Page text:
Glaxo Wellcome is on the verge of finding the genes that make some people more susceptible to three common illnesses, the pharmaceutical giant announced yesterday.

Glaxo Wellcome is on the verge of finding the genes that make some people more susceptible to three common illnesses, the pharmaceutical giant announced yesterday.

A revolutionary approach to finding the "signposts" on the genome map - the digital recipe encoded in human chromosomes - has located genes linked with migraines, diabetes and psoriasis, the debilitating skin disorder.

Scientists thought that finding the predisposition genes for human diseases would take far longer and involve a more painstaking search of the genome but the British company said a new approach was making the discovery easier.

Allen Roses, vice-president and director of genetics at Glaxo, released its findings at the annual meeting of the American Society of Human Genetics in San Francisco. "These are critical findings. We can narrow the search for susceptibility genes to a small region ... of DNA known to be linked to particular disease. This is a very important finding," Dr Roses said.

"The research we are reporting on does not mean that we can provide cures for these diseases overnight but it certainly provides us with a much better understanding of the genes involved. In the very near future we hope to understand which gene or genes make some people susceptible to these common debilitating diseases. Genetic studies of this type are extremely important in investigating the factors that underlie the development of illnesses, and revealing their root causes."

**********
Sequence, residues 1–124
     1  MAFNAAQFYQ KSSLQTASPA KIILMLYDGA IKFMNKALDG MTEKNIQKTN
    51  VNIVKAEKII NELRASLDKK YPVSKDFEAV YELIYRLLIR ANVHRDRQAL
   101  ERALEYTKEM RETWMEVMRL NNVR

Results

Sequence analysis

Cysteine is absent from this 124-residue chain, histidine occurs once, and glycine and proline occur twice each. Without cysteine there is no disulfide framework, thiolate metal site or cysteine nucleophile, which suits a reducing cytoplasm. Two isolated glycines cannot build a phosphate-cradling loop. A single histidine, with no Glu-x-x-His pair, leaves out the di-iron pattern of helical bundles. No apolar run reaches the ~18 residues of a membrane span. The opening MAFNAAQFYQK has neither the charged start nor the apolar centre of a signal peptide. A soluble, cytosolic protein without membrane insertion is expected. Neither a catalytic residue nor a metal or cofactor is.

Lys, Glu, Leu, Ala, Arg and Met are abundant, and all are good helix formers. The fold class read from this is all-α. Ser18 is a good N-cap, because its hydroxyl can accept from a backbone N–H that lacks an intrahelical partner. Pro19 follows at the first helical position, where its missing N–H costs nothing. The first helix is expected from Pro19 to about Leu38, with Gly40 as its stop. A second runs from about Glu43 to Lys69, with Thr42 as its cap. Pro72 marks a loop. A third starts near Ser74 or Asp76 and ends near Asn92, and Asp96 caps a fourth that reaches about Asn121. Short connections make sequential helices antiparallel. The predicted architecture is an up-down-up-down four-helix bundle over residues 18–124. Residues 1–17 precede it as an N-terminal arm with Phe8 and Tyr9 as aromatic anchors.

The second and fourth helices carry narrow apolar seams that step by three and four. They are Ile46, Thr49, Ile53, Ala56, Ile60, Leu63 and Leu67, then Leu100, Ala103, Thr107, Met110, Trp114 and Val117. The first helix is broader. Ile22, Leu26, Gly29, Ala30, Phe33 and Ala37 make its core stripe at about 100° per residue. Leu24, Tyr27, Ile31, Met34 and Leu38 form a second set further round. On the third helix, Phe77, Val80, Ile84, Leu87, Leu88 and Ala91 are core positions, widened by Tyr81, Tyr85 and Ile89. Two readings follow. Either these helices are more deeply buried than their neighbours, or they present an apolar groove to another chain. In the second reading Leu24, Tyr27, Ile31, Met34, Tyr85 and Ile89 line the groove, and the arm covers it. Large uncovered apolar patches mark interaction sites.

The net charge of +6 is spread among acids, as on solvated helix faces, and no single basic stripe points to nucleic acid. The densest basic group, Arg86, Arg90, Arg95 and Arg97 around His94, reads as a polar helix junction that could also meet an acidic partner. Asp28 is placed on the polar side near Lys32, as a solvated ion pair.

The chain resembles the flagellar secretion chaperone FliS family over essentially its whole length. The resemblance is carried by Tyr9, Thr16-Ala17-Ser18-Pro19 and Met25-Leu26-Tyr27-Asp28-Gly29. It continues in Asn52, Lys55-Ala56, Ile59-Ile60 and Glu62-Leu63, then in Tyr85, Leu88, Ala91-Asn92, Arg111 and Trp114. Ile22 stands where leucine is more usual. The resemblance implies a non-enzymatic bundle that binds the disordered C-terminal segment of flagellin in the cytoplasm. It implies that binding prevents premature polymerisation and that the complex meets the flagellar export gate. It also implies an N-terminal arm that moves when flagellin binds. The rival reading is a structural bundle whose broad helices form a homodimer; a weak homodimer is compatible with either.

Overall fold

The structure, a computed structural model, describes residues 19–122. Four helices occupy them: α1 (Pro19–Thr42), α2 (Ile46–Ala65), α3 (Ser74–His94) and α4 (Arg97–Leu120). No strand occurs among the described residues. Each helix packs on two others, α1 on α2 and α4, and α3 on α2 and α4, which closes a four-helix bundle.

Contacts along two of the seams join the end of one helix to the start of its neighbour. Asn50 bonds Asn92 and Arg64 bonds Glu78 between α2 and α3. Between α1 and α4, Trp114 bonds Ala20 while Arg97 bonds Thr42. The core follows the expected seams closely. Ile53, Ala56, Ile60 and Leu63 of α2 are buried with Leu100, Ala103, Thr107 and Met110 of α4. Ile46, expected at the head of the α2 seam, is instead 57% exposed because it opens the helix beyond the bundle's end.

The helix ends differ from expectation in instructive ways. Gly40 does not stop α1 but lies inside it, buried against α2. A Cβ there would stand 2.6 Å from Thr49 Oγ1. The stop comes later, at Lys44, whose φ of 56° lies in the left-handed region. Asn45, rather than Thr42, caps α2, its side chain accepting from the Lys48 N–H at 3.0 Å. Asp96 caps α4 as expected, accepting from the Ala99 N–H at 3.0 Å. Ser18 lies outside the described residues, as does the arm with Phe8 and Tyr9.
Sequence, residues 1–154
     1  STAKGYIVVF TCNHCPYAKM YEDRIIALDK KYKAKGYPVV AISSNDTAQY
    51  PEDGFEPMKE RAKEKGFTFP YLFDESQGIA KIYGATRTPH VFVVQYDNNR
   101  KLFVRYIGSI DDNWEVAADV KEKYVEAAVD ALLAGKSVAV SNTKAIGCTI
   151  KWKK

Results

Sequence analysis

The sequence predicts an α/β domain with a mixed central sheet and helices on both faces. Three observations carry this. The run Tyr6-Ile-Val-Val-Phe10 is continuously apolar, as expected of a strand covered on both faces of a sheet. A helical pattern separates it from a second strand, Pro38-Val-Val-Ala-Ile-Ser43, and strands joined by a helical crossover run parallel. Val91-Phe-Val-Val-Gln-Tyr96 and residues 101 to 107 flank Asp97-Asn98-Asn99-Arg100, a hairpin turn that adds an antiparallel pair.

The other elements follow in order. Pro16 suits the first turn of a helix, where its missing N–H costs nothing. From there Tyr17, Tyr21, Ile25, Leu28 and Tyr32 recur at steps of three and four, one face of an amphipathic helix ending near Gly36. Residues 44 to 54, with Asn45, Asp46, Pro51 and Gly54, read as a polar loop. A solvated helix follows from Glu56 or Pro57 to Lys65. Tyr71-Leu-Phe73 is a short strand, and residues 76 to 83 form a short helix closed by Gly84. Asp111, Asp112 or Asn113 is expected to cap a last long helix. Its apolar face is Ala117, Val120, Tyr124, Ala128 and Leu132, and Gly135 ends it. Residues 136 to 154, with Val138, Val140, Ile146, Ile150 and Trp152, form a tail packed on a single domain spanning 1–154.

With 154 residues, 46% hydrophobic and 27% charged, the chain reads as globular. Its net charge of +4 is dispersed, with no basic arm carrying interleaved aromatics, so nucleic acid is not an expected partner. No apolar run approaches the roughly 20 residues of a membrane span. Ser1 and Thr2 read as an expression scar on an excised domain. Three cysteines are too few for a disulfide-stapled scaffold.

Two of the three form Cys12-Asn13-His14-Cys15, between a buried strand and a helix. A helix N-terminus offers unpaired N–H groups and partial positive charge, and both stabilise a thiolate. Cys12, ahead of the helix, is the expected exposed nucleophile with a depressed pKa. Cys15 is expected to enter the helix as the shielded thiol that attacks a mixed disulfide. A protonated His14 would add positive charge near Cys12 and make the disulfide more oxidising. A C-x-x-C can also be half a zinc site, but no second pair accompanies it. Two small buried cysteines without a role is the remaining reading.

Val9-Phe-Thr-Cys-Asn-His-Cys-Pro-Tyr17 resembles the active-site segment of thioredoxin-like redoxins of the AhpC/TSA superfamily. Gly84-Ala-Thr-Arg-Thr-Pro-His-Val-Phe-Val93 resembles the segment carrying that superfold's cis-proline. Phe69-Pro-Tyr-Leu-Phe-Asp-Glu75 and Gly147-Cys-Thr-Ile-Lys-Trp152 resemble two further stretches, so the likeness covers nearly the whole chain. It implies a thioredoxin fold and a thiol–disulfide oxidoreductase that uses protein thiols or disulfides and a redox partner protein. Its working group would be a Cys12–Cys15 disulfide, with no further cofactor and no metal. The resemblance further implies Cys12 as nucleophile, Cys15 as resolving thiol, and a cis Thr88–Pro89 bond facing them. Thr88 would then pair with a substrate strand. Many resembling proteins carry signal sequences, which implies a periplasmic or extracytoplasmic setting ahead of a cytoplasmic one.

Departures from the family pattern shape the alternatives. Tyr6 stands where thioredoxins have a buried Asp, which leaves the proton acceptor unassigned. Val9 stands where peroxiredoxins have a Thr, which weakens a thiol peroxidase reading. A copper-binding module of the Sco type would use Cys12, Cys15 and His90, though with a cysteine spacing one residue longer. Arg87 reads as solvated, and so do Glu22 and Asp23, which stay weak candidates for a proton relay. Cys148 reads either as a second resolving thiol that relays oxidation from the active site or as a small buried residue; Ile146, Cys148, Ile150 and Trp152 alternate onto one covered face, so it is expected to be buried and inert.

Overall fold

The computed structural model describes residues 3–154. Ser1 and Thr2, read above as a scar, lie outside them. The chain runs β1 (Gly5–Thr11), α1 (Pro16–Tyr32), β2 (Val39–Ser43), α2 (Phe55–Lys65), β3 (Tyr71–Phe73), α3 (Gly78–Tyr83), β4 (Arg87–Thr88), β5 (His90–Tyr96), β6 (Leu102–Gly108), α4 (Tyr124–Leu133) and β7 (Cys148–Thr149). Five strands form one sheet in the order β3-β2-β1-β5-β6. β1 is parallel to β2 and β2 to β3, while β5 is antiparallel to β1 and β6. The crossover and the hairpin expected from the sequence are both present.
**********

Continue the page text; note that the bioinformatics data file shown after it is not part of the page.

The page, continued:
Glaxo, like many other companies and organisations involved in the human genome project, has concentrated much of its recent effort on the smallest genetic variations that distinguish one individual from another, known as single nucleotide polymorphisms (SNPs, pronounced "snips").

There is, on average, one SNP in very 1,000 "letters" of the 3 billion letters of the human genetic code. By finding SNPs, scientists are able to discover the tiniest genetic differences that may indicate why some people inherit predispositions to, say, heart disease, while others do not.

Dr Roses said that comparing the SNP map from a group of people with a certain disease with other people who do not have it enables scientists to focus on the small section of DNA that is likely to contain the gene related to that disease.

Glaxo Wellcome said it is this technique that has enabled it to identify the small regions of the human genome which seem to be involved in conferring susceptibility to migraine, diabetes and psoriasis.

"Understanding how different forms of these genes contribute to disease will help us in designing new medicines for both prevention and potential cure for these conditions," Dr Roses said.

Glaxo Wellcome announced six months ago that it had formed an international consortium with nine other companies and five academic institutions to build up a map of genetic signposts made from 300,000 SNPs. The consortium intends to publish the research on the Internet to prevent other organisations from patenting the discoveries.

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